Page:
“Someone in conversation can say ‘All Laszlos are dumb,’” he explained at the bar. “Where did you get that idea? ‘Well, it’s my personal belief, and I go through life believing that.’ Everybody does some version of that.” He went on: “That was a lyric that we had to change, because I was initially making fun of Alex [Leonard]. But it’s too common of a name. Now we can’t play Hungary, because hundreds of Laszlos in the audience will get angry.”
Protomartyr’s songs are often wordy and discursive, suffused with bleak humor and compassion for their down-and-out characters. Their conversational style is similar, though the jokes tend to be a little goofier. At one point, the new album’s lyrical focus on specious claims to objectivity got us talking about the frightening state of the music and news industries. The band momentarily assumed the identities of petulant wannabe rock stars, complaining to their label about a lack of recognition for plainly pathetic sales numbers. “I was looking through Billboard and I didn’t see any congratulatory ads about us,” Leonard muttered in character. “We sold five hundred records, man.” Davidson observed that Rolling Stone no longer includes data about sales and radio play in the back of each issue, as it used to for years. “The fuck triangle pillow: that’s still there, but you can’t figure out what’s top 10 on college radio,” he said. He was referencing Liberator, a line of “adult adventure gear” that credits regular ads in the magazine for the success of its business. This prompted Ahee to suggest the winning headline: “Official Protomartyr Sex Pillows!” Everyone cackled.
Protomartyr has good reason to be skeptical of the media. Thanks to Casey, they’re a band with a strangely compelling hook. At 40, he’s a decade older than every other member. He doesn’t play any instruments, and had never played in a band before meeting Ahee while working as a doorman at a local nightclub. If you were describing Protomartyr to a friend who hadn’t heard them before, you’d probably start with the magnetism he exudes as a sort of pugnacious everyman, both onstage and on-record. But at times, writers treat his presence like a gimmick that threatens to swallow the rest of the band whole. As Stereogum noted in a recent profile, there is a wickedly funny Tumblr devoted entirely to chronicling journalists’ pained attempts to translate Casey’s “unique brand of anti-charisma” into written word. (“One hand in pocket, singing out of side of mouth,” I scribbled in my notes while watching them perform about a week after our interview. “He picks up his drink and looks at it like an old friend he doesn’t quite recognize.”)
There was also the time, before the 2016 election, that Ahee offhandedly opined in a Guardian interview that a potential Trump presidency could “‘give America a kick up the ass. Like, ‘Holy shit, what did we just do?’” The band spent the next few months feeling like they had to answer for his comment.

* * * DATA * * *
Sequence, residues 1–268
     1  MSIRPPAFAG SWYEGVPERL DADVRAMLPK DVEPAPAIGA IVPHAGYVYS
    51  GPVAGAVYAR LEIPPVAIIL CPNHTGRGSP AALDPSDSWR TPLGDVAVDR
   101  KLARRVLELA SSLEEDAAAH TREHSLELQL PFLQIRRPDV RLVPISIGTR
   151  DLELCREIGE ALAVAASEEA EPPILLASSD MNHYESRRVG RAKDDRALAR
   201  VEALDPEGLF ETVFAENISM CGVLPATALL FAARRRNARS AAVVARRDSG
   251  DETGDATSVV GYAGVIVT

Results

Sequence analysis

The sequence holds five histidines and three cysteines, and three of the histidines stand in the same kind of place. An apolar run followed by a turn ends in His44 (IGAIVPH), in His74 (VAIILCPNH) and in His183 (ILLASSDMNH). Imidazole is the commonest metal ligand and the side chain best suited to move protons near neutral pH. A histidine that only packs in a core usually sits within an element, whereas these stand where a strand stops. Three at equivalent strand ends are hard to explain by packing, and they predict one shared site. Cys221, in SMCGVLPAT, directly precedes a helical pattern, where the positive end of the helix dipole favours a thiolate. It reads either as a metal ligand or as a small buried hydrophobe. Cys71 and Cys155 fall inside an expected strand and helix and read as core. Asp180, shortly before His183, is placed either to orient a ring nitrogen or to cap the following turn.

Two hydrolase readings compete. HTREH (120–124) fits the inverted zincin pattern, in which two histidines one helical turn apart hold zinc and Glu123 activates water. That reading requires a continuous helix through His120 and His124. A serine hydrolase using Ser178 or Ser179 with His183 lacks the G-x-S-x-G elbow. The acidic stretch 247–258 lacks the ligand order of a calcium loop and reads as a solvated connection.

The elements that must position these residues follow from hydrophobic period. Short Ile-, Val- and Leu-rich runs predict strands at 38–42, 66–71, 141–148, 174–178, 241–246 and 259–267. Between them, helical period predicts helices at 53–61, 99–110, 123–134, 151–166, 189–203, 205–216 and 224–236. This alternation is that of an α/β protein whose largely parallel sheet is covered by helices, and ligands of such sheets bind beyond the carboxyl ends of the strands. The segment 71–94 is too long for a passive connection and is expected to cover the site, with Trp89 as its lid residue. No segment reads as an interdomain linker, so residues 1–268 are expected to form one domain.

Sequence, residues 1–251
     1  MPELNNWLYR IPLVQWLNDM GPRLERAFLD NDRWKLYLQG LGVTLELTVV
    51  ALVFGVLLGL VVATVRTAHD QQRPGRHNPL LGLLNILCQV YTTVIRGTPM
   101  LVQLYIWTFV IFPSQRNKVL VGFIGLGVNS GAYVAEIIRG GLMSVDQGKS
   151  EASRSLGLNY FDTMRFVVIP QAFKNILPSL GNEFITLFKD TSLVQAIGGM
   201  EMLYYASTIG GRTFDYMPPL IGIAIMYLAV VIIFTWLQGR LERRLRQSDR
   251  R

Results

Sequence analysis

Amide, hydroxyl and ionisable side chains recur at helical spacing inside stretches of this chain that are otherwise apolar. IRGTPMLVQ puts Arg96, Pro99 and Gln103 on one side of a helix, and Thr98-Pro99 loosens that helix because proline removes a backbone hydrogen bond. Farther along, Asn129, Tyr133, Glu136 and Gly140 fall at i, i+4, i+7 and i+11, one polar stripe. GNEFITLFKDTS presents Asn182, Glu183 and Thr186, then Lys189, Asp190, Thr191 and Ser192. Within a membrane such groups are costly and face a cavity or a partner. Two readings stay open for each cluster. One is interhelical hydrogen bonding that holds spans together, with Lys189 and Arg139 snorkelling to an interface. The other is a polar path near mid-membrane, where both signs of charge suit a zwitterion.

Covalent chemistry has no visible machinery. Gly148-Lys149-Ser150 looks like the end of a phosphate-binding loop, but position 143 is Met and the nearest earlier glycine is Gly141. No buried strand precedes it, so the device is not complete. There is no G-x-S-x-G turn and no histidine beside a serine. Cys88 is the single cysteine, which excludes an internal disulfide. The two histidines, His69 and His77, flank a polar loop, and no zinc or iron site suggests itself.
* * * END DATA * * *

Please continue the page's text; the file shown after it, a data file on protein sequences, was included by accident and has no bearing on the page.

“Let me be clear, I was talking about how it would be terrible if he got elected, but maybe people would realize we fucked up, and come together,” Ahee explained in our interview. “But since, people have taken it out of context. And just really in interviews with Joe–they’ve never really brought it up with me–people keep asking ‘So Greg has said maybe some good will happen if Trump gets elected.’ And it’s like, fuck, man. I didn’t…,” he trailed off.
“It was like, searching for a silver lining, last summer,” Leonard offered. “It’s a hard thing to stand by.”
“It felt like I’m fake news,” Ahee said. “Fuck.”
After our meeting, Protomartyr would spend hours fielding press requests and meeting with their label before their show at a modest club that night. (A small consolation after an opening slot for their heroes The Fall was canceled due to 60-year-old frontman Mark E. Smith’s medical issues.) Not long ago, they said, they didn’t have a tour manager or publicist, and would have skipped the show’s soundcheck, instead spending the afternoon at the movies, watching It. Though they relish their success, it’s clear that some part of them yearns for their days as Detroit punk lifers, before journalists and listeners treated them like soothsayers about the president, before there was the threat of a conversational misstep turning into a minor controversy. It was around this time that Davidson offered up an even more innocuous headline: “Protomartyr Loves Movies.” Considering the bumper crop of Trump–referencing coverage that has already sprung up around Relatives in Descent, it seemed only fair to give it to him. But we’ve got a business to run here, and even we wouldn’t click on that.